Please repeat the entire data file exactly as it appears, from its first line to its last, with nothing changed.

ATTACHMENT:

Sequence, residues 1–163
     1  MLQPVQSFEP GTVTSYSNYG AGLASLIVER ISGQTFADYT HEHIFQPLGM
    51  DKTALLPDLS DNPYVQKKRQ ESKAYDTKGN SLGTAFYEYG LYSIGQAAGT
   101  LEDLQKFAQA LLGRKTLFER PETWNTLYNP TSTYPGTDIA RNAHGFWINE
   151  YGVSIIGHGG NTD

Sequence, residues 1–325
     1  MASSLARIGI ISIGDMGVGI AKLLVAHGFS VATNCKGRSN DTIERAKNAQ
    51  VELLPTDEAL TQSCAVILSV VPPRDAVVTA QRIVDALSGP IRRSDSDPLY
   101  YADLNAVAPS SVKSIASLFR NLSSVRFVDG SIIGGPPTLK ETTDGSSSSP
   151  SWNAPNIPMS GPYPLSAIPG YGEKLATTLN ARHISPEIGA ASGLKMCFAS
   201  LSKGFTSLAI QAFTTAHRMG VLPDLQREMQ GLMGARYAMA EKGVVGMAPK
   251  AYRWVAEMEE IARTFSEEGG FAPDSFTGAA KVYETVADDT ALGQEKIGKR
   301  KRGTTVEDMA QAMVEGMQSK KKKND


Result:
Sequence, residues 1–163
     1  MLQPVQSFEP GTVTSYSNYG AGLASLIVER ISGQTFADYT HEHIFQPLGM
    51  DKTALLPDLS DNPYVQKKRQ ESKAYDTKGN SLGTAFYEYG LYSIGQAAGT
   101  LEDLQKFAQA LLGRKTLFER PETWNTLYNP TSTYPGTDIA RNAHGFWINE
   151  YGVSIIGHGG NTD

Sequence, residues 1–325
     1  MASSLARIGI ISIGDMGVGI AKLLVAHGFS VATNCKGRSN DTIERAKNAQ
    51  VELLPTDEAL TQSCAVILSV VPPRDAVVTA QRIVDALSGP IRRSDSDPLY
   101  YADLNAVAPS SVKSIASLFR NLSSVRFVDG SIIGGPPTLK ETTDGSSSSP
   151  SWNAPNIPMS GPYPLSAIPG YGEKLATTLN ARHISPEIGA ASGLKMCFAS
   201  LSKGFTSLAI QAFTTAHRMG VLPDLQREMQ GLMGARYAMA EKGVVGMAPK
   251  AYRWVAEMEE IARTFSEEGG FAPDSFTGAA KVYETVADDT ALGQEKIGKR
   301  KRGTTVEDMA QAMVEGMQSK KKKND